American Society of Naturalists

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“Survival benefits of group living in a fluctuating environment”

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Sarah Guindre-Parker and Dustin R. Rubenstein (June 2020)

Group living does not buffer against harsh conditions in starlings, but living in larger groups does improve survival

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Animals that live in large social groups can face increased competition for food or mates from other group members. Yet, group living persists in many species despite this increased competition—as a result, biologists expect that some advantage must exist to living in large groups at least under some contexts. One possibility for animals living in unpredictable environments is that group living is beneficial in order to overcome harsh environmental conditions where challenges cannot be anticipated.

Guindre-Parker and Rubenstein studied a population of superb starlings in East Africa for over 15 years. These birds experience unpredictable variation in rainfall from year to year, and live in some of the largest social groups known for a cooperatively breeding bird (ranging from 7 to 57 individuals per group). The researchers monitored individual birds over their lifespan using unique combinations of colored leg bands and extensive field observations. The team tested whether survival was higher for individual birds belonging to the largest social group compared to small groups. They also examined whether living in the largest social group improved survival most under periods of harsh, low rainfall, compared to years with abundant rain.

This study found that female superb starlings benefited from living in larger social groups, since female starlings had longer lifespans when they belonged to the largest groups. This result held true regardless of rainfall conditions, however, suggesting that female birds always benefit from living in large groups regardless of harsh conditions. A similar pattern was observed in males, where male starlings had the longest lifespan if they lived in larger social groups. However, living in larger social groups improved male survival most when rainfall was abundant. In other words, group living did not improve male survival under harsh conditions as previously expected, but instead improved male survival most under benign conditions. Overall, the authors conclude that group living provides important survival benefits to superb starlings, but group living does not appear to buffer group members against harsh periods of low rainfall and food availability.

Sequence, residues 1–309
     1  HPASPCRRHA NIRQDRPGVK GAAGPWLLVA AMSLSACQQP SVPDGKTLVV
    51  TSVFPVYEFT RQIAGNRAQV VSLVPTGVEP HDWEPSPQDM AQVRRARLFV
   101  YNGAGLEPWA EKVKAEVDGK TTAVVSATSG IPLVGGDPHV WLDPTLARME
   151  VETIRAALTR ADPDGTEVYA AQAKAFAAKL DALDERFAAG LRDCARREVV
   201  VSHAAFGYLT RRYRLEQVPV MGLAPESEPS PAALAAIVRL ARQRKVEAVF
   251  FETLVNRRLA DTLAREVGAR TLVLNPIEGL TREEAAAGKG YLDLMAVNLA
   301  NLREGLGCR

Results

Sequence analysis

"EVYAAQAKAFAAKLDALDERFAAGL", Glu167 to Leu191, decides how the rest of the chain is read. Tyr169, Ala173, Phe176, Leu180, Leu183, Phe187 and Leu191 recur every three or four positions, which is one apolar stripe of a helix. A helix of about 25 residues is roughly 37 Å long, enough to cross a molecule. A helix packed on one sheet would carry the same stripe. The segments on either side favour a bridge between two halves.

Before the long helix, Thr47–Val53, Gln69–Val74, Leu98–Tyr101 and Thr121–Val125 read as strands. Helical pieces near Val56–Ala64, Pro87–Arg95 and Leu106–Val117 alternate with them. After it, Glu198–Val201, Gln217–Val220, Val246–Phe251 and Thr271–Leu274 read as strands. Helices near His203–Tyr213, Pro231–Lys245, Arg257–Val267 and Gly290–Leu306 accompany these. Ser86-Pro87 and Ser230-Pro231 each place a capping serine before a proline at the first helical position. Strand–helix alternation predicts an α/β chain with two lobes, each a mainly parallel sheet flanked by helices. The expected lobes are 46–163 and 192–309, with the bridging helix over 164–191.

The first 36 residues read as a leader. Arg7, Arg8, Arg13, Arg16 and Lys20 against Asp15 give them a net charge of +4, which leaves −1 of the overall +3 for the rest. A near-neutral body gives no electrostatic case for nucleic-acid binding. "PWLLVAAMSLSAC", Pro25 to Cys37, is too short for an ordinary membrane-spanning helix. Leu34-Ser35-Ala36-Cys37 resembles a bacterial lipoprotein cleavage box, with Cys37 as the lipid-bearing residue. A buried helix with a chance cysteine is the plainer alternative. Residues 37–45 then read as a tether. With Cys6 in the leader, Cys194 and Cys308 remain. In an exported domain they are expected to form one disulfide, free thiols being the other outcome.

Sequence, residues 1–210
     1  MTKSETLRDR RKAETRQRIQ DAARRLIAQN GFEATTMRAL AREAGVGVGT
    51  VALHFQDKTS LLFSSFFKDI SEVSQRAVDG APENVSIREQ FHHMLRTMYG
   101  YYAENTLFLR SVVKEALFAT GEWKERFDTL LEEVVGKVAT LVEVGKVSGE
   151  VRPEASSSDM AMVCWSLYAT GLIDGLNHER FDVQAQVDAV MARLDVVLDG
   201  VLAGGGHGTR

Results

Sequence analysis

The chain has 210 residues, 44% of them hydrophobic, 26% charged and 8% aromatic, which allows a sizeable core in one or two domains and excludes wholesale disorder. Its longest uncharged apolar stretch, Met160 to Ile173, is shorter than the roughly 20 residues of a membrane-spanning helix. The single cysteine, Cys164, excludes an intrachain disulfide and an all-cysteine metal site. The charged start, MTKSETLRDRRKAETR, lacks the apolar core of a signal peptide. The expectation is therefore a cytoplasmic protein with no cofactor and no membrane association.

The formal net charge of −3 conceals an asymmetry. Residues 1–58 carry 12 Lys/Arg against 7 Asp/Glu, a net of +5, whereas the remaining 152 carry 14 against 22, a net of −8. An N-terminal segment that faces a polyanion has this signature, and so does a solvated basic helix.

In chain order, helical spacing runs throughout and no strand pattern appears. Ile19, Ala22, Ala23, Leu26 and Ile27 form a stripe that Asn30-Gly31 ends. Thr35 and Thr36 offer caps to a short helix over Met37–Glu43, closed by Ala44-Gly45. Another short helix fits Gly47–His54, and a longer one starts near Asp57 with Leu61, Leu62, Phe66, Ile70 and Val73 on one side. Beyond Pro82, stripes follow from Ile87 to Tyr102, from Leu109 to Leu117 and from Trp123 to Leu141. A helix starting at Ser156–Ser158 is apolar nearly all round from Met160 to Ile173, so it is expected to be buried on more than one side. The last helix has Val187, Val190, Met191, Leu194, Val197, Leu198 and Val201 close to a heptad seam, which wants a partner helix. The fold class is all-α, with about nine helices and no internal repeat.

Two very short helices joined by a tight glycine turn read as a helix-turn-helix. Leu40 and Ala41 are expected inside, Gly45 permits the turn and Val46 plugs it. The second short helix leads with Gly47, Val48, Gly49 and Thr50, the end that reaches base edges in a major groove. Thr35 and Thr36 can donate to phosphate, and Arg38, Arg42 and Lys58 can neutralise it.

Group living is only predicted to arise when the fitness benefits outweigh the costs of sociality. Group-living species—including cooperatively breeding and family-living birds and mammals—occur most frequently in environments where climatic conditions fluctuate unpredictably from year-to-year. The fitness consequences of group living are thus expected to vary with changing environmental conditions, though few studies have examined this possibility. We examined whether living in large social groups improves adult survivorship in cooperatively breeding superb starlings (Lamprotornis superbus). We also tested the hypothesis that larger groups buffer against harsh conditions by increasing survivorship most under periods of low rainfall. We found that group size was positively correlated with adult survival, but in a sex-specific manner: female survival increased with group size across all environmental conditions, whereas male survival only increased with group size in wet years. Together with previous work in this system, our results suggest that larger groups confer survival benefits by reducing predation, rather than improving access to food or buffering against physiological stress. Although group living does not appear to buffer against harsh conditions in adult starlings living in a fluctuating environment, living in larger groups does confer a survival advantage.